Difficult Downsides

Looking at the picture, you can tell he getting ready for a rough downside.Getting to see James Stewart this past weekend was pretty incredible.  I was able to see his style and how he works the bike, up close and personal.  The “Ride Day” was at Dade City, which can get notoriously rough.  I had a quick chat with Troy Adams and he even said it was rough!  The soft soil had the riders navigating through deep ruts, huge braking bumps and chewed up landings on the jumps.  You could tell that the fast guys had a much better way to get through the dips on the downsides and it saved them a lot of time and energy.

One thing I noticed, especially from Stewart, that you NEED to be able to clear the jump.  The slower guys would hit lip, or the very edge of the downside and come up short.  When this happens, two things occur.  First, you don’t get that rear wheel on the downside to get you driving forward effectively.  Second, when bounce from the case, you get yourself out of rhythm for the next section.  So, make sure you can clear the jump easily.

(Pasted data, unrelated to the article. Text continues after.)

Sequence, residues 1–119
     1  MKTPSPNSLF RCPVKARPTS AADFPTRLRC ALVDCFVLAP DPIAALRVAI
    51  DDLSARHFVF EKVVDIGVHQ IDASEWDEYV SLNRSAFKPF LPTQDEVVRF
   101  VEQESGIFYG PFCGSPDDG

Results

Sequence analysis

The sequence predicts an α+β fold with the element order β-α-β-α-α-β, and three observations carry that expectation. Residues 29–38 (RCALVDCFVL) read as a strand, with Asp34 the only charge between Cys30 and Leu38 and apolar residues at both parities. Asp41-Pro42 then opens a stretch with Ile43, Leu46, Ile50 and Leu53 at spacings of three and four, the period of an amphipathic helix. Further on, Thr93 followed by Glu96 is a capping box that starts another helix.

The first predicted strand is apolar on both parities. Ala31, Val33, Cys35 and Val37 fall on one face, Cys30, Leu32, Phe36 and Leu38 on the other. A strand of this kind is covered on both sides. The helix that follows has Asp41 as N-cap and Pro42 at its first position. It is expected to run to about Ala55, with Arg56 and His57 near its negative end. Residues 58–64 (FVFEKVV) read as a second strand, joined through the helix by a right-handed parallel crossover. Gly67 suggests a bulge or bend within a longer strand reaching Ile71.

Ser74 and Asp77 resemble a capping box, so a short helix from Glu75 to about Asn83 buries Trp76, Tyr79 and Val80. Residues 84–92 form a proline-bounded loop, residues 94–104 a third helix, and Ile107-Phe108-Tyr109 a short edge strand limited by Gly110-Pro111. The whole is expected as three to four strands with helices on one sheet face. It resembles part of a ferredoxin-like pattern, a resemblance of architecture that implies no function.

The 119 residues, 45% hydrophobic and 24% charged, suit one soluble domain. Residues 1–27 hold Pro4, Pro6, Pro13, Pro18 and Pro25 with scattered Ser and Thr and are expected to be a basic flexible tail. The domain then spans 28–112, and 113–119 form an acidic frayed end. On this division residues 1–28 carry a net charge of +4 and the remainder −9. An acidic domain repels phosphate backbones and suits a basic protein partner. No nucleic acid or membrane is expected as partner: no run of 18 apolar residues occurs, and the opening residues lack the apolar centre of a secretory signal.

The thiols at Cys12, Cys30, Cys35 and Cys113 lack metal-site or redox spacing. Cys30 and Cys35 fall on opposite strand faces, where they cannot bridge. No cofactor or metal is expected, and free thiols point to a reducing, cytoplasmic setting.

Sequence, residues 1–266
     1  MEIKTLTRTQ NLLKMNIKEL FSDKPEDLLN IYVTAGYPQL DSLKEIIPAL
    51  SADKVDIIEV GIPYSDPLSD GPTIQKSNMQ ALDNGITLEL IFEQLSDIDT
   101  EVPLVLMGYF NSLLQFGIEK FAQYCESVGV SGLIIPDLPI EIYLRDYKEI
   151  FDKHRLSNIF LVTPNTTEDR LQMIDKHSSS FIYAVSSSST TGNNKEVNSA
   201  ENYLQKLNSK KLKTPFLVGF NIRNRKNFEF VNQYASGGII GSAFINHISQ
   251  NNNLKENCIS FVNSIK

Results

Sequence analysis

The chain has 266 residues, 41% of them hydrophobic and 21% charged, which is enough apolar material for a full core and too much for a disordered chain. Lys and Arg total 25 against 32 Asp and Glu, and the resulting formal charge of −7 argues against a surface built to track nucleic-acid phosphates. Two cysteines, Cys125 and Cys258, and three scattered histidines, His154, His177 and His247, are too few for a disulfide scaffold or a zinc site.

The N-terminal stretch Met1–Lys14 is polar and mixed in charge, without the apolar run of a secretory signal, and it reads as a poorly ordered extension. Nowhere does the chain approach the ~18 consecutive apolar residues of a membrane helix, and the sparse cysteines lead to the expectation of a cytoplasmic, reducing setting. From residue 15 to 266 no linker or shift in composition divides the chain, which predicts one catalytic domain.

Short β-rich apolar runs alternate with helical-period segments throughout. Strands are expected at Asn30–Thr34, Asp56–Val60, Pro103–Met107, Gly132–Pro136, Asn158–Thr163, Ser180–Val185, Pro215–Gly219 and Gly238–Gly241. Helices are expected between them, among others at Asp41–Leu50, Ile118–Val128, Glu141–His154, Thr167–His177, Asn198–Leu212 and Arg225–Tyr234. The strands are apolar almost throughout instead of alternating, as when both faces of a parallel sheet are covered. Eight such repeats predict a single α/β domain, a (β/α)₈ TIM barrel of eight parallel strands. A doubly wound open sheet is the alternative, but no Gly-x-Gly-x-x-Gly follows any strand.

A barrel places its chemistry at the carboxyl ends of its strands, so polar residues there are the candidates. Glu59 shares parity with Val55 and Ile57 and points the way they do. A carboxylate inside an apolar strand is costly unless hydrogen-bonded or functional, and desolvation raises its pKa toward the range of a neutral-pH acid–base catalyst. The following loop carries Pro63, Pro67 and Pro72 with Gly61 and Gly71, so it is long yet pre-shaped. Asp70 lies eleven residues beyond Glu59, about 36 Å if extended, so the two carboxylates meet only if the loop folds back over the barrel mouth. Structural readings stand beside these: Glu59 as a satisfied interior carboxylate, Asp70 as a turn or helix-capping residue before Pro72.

Okay, so you can clear the jump.  The next part is about mid-air control.  If you have ever watched the nationals on TV, the riders always try to get the rear wheel on the ground when things get rough.  This applies to jumps as well.  When the downside has dips and random craters in it, you want the shock and rear wheel to soak it up for you.  As most of you know, when you rev the bike in the air, you will notice that the front end comes up.  In this situation, this is what you need to do.

Instead of landing even with the downside, you want the rear wheel to touch the ground first.  And, most importantly, you want to be on the gas, hard.  You need to get the rear to hit right in the middle of the crater/dip in the landing.  As soon as you feel the rear hit the ground, get on the gas and shift your weight back slightly.  If you time it right, your shock will be able to absorb the dip without any rebound.  It will feel a lot smoother and you will have more momentum coming off a rough downside.

The key points to remember are a slightly higher front end when landing, getting on the gas hard and weight shifted back.  Once, you get the timing down, you will notice a big different in the speed you can carry off of the jump and into the next section.  It takes some time to get used, but once you do, it’ll be another weapon to use in race situations.

MotoSport, Inc.

Posted on Sep 21 2009, under Riding Techniques | 2 Comments »

2 Responses to “Difficult Downsides”

  1. Nice article, one of your best.

  2. Thanks D, I’ll call you later.

Post a Comment